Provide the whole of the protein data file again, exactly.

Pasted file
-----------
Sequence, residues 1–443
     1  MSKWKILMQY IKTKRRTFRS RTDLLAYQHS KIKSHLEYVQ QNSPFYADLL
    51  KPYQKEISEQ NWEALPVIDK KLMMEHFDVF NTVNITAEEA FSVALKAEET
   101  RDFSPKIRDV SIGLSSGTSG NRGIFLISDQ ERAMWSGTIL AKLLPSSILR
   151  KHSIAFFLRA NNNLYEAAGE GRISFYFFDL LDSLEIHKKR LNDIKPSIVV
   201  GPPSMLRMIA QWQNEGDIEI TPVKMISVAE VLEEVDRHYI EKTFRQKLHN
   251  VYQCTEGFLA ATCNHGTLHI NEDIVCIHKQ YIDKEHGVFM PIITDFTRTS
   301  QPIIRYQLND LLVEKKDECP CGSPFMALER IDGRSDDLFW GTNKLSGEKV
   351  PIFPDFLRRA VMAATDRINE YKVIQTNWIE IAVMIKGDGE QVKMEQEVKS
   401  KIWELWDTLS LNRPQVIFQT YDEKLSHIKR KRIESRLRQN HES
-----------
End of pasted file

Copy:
Sequence, residues 1–443
     1  MSKWKILMQY IKTKRRTFRS RTDLLAYQHS KIKSHLEYVQ QNSPFYADLL
    51  KPYQKEISEQ NWEALPVIDK KLMMEHFDVF NTVNITAEEA FSVALKAEET
   101  RDFSPKIRDV SIGLSSGTSG NRGIFLISDQ ERAMWSGTIL AKLLPSSILR
   151  KHSIAFFLRA NNNLYEAAGE GRISFYFFDL LDSLEIHKKR LNDIKPSIVV
   201  GPPSMLRMIA QWQNEGDIEI TPVKMISVAE VLEEVDRHYI EKTFRQKLHN
   251  VYQCTEGFLA ATCNHGTLHI NEDIVCIHKQ YIDKEHGVFM PIITDFTRTS
   301  QPIIRYQLND LLVEKKDECP CGSPFMALER IDGRSDDLFW GTNKLSGEKV
   351  PIFPDFLRRA VMAATDRINE YKVIQTNWIE IAVMIKGDGE QVKMEQEVKS
   401  KIWELWDTLS LNRPQVIFQT YDEKLSHIKR KRIESRLRQN HES